How and Why to Serialialize Lambdas


Serializing lambdas can be useful in a number of use cases such as persisting configuration, or as a visitor pattern to remote resources.

Remote Visitors

For example, so I want to access a resource on a remote Map, I can use get/put, but say I just want to return a field from the value of a Map, I can pass a lambda as a visitor to extract the information I want.

MapView userMap =
     Chassis.acquireMap("users", String.class, UserInfo.class);
userMap.put("userid", new UserInfo("User's Name"));
// print out changes

// obtain just the fullName without downloading the whole object
String name= userMap.applyToKey("userid", u -> u.fullName);

// increment a counter atomically and trigger
// an updated event printed with the subscriber.
userMap.asyncUpdateKey("userid", ui -> {
     return ui;

// increment a counter and return the userid
int count = userMap.syncUpdateKey("userid",
      ui -> { ui.usageCounter++; return ui;},
      ui -> ui.usageCounter);

As you can see, it is easy to add various simple functions, or call a method to perform the action you need.  The only problem is that lambdas by default are not serializable.

Serializable Lambdas

A simple way to make a lambda serializable is to add a cast of & Serializable to a variable referring to an implementation of the lambda.

Function<UserInfo, String> fullNameFunc = (Function<UserInfo,String> & Serializable) ui -> ui.fullName;
String fullName = userInfo.applyToKey("userid", fullNameFunc);

As you can see this introduces a lot of boiler plate.  A key reason to use lambdas is to avoid boiler plate code so what is the alternative?

Making lambdas serializable in your API.

Unfortunately the standard APIs cannot be changed or sub-classes to add this but if you have your own API, you can use a Serializable interface.

public interface SerializableFunction<I, O> extends Function<I, O>, Serializable {

This interface can be used as a parameter type.

default <R> R applyToKey(K key, @NotNull SerializableFunction<E, R> function) {
    return function.apply(get(key));

The user of your API doesn't have to explicitly say that the lambda is serializable.

// obtain just the fullName without downloading the whole object
String name= userMap.applyToKey("userid", u -> u.fullName);

The remote implementation serializes the lambda, executes it on the server and returns the result.

Similarly, there is methods for applying a lambda to the map as a whole.

Query and subscription

To support queries, you can't use the built in stream() API if you want to implictly add Serializable. However, you can create one which is as similar as possible.

Map> collect = userMap.entrySet().query()
    .filter(e -> e.getKey().matches("u*d"))
    .map(e -> e.getValue())
    .collect(Collectors.groupingBy(u -> u.usageCounter));
or as a filtered subscription.

// print userid which have a usageCounter > 10 each time it is incremented.        userMap.entrySet().query()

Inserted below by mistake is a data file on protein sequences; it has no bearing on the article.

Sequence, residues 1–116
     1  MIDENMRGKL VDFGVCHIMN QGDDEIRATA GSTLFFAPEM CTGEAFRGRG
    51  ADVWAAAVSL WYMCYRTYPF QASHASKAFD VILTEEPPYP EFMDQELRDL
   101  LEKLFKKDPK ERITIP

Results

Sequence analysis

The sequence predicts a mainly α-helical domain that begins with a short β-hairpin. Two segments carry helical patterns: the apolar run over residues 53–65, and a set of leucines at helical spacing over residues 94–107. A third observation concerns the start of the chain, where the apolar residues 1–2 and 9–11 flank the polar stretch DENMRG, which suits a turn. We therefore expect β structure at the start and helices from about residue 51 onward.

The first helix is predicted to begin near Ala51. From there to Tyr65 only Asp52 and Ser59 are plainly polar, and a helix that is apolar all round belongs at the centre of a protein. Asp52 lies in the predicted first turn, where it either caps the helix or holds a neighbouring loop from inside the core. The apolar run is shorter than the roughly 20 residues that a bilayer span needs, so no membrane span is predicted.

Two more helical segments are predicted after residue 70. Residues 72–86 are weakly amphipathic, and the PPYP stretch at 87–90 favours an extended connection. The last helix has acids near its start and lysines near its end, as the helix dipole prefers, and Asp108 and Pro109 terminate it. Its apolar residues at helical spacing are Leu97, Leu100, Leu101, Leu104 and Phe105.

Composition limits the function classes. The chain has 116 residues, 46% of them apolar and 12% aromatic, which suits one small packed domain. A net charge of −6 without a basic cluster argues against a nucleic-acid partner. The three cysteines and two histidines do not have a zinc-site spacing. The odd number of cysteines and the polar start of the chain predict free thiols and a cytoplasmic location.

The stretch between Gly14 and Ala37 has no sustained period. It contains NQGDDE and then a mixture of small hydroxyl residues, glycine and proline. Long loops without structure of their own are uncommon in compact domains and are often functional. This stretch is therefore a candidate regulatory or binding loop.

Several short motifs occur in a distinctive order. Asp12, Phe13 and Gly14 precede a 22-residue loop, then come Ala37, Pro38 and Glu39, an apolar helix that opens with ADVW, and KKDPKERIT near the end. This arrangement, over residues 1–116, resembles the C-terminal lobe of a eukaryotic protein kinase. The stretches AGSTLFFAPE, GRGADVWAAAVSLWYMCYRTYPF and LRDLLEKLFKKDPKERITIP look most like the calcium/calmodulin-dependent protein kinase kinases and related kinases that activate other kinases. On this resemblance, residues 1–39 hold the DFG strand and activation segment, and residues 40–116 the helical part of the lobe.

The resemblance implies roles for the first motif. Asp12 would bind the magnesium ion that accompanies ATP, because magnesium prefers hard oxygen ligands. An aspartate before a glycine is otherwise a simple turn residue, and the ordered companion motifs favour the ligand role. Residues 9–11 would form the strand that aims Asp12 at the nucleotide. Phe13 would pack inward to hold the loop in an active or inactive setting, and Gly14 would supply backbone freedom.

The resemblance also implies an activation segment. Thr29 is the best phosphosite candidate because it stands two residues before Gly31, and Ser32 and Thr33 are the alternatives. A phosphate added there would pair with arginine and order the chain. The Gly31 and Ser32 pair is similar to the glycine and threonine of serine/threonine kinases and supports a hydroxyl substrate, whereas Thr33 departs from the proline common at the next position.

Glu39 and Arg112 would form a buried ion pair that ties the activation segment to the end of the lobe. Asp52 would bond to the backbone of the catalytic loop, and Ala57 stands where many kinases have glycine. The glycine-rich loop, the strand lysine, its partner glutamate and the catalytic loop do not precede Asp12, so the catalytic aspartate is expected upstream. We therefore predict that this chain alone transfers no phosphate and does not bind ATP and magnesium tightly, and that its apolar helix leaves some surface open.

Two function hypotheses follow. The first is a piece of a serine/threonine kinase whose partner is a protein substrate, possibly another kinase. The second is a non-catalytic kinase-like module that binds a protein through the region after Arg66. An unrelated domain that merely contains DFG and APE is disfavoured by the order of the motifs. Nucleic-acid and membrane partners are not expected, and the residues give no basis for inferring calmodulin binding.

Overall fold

.filter(e -> e.getValue().usageCounter > 10)
        .map(e -> e.getKey())

What makes this different from the regular stream API, is the data could be distributed across many servers and you get a call back when that changes on any server. Only the data you are interested in is sent across the network as the filter and map is being applied on the server.

Java Serialization

Java Serialization is a good generalised, backwardly compatible serialization library. Two of the most common problems that alternatives try to solve is performance and cross platform serialization.

In the example above, fullNameFunc serializes to over 700 bytes and there is very limited options to optimise this to either reduce the size of the message or the amount of garbage it produces.  By comparison, a straight forward binary YAML serialization uses 348, with more options to optimise the serialization.

This raises the problem of how to serialize a lambda using an alternative, or cross platform or faster serialization format.

Alternative Serialization

You can hook into the current serialization mechanism. This is not supported, and it could change at any time but there is not other supported way to do this.

Never the less you can do this

Method writeReplace = lambda.getClass()
SerializedLambda sl = (SerializedLambda) writeReplace.invoke(lambda);
 This gives you an object you can inspect to extract the contents of the lambda.  Either to see what method it calls, or to serialize it.  On the deserialization side, you can recreate this object and can readResolve on that object.

Standard API

Currently, there is no standard API for introspection of a lambda.  This is done deliberately so that in future the implementation can be changed, although there is no public JEP to do so.  However, like Unsafe which is internal API, I look forward to the day when we can use a standard API rather than having to dig into the internals of the JVM to implement solutions.


With some changes to your API you can make serializing lambdas largely transparent to the developer.  This makes implementing simple distributed systems easier to use while giving you options to optimise how this is done.


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